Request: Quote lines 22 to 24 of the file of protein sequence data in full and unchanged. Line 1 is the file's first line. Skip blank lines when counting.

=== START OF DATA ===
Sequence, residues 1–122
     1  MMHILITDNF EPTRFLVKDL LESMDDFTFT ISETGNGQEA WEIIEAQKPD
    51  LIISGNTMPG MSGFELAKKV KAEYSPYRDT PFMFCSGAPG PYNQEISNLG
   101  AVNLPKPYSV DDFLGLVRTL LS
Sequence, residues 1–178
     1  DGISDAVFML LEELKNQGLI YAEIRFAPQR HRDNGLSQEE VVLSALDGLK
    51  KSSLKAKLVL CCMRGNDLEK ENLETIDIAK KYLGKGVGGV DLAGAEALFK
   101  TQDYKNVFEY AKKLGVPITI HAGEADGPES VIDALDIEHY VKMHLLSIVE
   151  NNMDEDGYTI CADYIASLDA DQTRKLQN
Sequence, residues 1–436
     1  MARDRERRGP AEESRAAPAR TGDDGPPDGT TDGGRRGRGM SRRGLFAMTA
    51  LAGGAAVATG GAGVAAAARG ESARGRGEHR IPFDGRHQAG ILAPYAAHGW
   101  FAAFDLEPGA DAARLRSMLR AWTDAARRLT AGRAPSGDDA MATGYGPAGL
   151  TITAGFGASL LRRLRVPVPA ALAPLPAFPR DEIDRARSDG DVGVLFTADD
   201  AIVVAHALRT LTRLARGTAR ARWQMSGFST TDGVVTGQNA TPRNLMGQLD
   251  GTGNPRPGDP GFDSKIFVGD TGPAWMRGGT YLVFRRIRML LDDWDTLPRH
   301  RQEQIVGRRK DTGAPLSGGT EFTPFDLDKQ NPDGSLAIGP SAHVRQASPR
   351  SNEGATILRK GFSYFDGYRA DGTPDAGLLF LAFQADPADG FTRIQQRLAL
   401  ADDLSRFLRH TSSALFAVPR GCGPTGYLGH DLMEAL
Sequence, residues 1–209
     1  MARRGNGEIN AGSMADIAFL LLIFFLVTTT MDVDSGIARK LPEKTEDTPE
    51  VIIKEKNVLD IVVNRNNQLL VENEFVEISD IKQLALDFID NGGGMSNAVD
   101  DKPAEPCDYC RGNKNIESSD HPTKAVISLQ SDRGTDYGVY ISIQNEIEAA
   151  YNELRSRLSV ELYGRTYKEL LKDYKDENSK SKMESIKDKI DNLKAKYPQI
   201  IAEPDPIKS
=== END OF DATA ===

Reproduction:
    51  VIIKEKNVLD IVVNRNNQLL VENEFVEISD IKQLALDFID NGGGMSNAVD
   101  DKPAEPCDYC RGNKNIESSD HPTKAVISLQ SDRGTDYGVY ISIQNEIEAA
   151  YNELRSRLSV ELYGRTYKEL LKDYKDENSK SKMESIKDKI DNLKAKYPQI